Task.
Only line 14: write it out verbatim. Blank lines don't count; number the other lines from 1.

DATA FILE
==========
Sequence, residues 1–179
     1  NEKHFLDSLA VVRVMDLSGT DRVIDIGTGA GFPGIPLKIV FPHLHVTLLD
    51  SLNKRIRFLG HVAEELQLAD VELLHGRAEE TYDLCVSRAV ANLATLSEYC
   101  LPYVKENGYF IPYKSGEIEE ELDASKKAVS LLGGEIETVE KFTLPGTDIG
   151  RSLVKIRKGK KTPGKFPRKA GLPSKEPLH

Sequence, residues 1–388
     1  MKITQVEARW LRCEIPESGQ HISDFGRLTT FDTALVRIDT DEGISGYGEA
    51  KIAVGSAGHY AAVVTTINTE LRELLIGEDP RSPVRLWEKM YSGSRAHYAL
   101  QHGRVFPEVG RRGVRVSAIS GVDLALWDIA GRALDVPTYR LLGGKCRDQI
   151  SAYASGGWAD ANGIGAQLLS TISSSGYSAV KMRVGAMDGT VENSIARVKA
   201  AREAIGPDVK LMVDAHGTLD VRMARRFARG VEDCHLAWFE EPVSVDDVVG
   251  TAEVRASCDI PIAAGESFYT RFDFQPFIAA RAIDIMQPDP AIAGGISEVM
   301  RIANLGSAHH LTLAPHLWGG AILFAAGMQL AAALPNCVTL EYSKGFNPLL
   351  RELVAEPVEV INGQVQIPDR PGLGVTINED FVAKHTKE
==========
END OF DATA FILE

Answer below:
   351  RELVAEPVEV INGQVQIPDR PGLGVTINED FVAKHTKE